Staflund’s respect for the writers at the heart of the publishing process makes this a worthwhile addition to any aspiring author’s bookshelf.
It’s easy for an author to get lost in the wild world of publishing options today, where traditional, independent, and supported solutions abound. Here with help in navigating this maze is Kim Staflund, publisher at Polished Publishing Group (PPG), a hybrid support service for self-publishing authors. How to Publish a Bestselling Book … and Sell It WORLDWIDE Based on Value, Not Price! not surprisingly puts PPG front and center, but it also offers an introduction to topics every author needs to understand, from copyright law to sales tactics.
Staflund has personal experience as an entrepreneur and author—she previously wrote the Amazon bestseller How to Publish a Book in Canada…and Sell Enough Copies to Make a Profit! Her business mindset is clear in her current work: she focuses on sales. An author’s bottom line is the key component of Staflund’s advice for planning a book launch. What sets her advice apart is emphasis on leveraging the value a book offers to an audience to make the most profit. This focus on content and audience, rather than price point, offers authors a new way to think about what they are selling and who is going to buy it.
Staflund writes directly to authors, particularly new authors, posing and answering questions such as, “Do you need an agent?” and “What is copyright?” Much of her material is clearly self-promotional, such as her explanation of why authors need support services like those offered by PPG. In other places, Staflund’s choice of words more subtly suggests that a company like PPG is the best way to go. Writers considering their publishing options would do well to consult additional resources on these topics.
With the book’s biases held firmly in mind, authors will find that Staflund also presents road-tested tips and tricks that will serve them well, whether they are clients of PPG or not. Some advice covers the familiar territory of book signings and launch parties, but Staflund also explores the relatively new territory of video trailers, pay-per-click advertising campaigns, and search engine optimization. None of the topics are exhaustive—for instance, she includes only one publication in her discussion of paid book reviews—but they provide a good introduction for newcomers who want to understand the latest sales methods.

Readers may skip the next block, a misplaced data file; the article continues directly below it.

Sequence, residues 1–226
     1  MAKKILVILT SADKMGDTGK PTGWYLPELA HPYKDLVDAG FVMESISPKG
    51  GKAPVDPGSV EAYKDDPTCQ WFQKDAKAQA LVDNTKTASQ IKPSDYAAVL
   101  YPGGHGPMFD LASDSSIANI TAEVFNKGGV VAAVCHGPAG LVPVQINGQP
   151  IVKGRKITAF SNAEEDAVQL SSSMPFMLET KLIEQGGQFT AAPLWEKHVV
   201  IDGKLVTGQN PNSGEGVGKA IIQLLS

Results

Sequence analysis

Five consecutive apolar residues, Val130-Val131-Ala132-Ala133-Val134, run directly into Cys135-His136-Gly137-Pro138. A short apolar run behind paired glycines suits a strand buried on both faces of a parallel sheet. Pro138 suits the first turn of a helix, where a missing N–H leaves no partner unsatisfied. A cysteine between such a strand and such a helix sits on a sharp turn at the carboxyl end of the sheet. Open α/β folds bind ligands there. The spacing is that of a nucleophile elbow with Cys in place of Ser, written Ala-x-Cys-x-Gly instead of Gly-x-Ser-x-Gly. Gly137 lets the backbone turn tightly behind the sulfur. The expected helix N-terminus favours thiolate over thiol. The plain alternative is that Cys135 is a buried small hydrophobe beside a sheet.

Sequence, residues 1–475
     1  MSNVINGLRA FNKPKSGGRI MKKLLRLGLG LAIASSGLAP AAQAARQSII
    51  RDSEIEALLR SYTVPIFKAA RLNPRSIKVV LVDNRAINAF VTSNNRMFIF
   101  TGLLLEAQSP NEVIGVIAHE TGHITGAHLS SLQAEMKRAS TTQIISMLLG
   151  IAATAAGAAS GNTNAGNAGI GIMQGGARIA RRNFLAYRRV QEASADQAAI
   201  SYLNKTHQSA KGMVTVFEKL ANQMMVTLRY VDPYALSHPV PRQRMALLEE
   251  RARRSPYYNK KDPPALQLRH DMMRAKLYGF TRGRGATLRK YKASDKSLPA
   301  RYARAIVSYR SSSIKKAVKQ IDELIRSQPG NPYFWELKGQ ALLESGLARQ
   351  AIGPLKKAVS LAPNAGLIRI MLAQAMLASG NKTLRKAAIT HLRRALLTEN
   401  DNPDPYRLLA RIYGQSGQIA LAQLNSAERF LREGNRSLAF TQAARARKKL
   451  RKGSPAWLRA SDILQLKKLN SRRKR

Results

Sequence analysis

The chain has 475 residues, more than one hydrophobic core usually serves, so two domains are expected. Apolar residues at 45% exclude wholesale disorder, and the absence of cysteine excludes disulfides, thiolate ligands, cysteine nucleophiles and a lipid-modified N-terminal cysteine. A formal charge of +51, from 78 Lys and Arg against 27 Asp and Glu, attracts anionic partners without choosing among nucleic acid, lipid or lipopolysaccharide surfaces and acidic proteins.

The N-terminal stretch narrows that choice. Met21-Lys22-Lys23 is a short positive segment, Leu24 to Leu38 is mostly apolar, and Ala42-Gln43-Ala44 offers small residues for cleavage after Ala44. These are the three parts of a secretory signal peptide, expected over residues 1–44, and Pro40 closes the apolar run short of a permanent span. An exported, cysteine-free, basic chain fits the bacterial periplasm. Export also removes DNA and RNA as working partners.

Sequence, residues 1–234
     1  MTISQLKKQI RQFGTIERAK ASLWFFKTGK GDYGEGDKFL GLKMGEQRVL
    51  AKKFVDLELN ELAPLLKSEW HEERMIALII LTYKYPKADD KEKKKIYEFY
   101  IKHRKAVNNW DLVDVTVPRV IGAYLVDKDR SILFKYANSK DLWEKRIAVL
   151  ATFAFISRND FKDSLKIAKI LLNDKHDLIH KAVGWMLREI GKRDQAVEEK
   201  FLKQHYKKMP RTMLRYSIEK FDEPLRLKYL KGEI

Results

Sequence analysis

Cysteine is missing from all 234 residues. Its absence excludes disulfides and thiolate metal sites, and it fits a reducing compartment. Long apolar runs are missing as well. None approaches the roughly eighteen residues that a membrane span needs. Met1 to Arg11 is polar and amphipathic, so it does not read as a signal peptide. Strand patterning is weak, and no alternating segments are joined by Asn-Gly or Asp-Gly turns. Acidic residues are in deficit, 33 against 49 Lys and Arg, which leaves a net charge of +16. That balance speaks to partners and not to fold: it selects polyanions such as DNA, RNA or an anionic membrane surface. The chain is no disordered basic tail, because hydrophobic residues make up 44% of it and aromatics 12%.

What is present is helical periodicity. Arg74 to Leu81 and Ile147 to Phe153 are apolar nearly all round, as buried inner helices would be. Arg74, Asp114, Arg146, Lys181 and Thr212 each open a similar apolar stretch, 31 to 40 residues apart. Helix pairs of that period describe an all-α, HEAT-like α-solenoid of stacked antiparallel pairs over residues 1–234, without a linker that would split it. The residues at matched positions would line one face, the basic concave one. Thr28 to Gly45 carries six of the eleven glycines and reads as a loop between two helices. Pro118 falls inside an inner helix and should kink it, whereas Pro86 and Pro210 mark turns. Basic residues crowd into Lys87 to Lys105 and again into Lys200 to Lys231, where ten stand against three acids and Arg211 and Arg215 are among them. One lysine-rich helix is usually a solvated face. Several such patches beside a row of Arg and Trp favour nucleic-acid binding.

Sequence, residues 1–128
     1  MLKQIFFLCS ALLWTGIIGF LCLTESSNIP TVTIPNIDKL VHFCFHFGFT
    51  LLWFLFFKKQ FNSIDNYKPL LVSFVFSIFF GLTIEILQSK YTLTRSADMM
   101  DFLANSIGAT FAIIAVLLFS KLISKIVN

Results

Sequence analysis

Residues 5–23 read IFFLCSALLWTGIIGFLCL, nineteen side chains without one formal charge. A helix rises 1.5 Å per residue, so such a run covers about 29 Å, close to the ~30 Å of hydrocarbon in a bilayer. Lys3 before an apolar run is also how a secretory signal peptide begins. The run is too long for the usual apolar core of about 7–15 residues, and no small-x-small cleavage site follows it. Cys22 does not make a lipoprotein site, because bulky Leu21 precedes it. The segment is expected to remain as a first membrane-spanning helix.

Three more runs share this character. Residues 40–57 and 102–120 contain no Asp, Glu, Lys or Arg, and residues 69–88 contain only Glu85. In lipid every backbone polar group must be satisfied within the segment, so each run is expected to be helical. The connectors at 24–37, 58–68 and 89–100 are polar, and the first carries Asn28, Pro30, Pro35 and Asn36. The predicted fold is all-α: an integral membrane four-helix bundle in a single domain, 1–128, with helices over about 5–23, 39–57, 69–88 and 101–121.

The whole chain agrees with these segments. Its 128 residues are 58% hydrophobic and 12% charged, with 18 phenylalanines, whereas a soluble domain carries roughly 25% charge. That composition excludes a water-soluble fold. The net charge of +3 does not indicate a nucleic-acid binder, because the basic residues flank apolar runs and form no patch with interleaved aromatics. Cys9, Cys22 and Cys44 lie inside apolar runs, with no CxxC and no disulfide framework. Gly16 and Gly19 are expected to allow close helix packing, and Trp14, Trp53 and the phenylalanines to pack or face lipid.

How to Publish a Bestselling Book wraps up with specific logistical advice on things like manuscript word count, graphics, and formatting. Much of this content can be found elsewhere, but Staflund lends a personal touch to what can be a tedious and time-consuming process. In addition to talking about the need for editing, proofreading, and possibly ghostwriting, Staflund acknowledges the emotional process writers go through during revisions to their manuscripts. Her obvious respect for the writers at the heart of the publishing process makes this a worthwhile addition to any aspiring author’s bookshelf.
Sheila M. Trask
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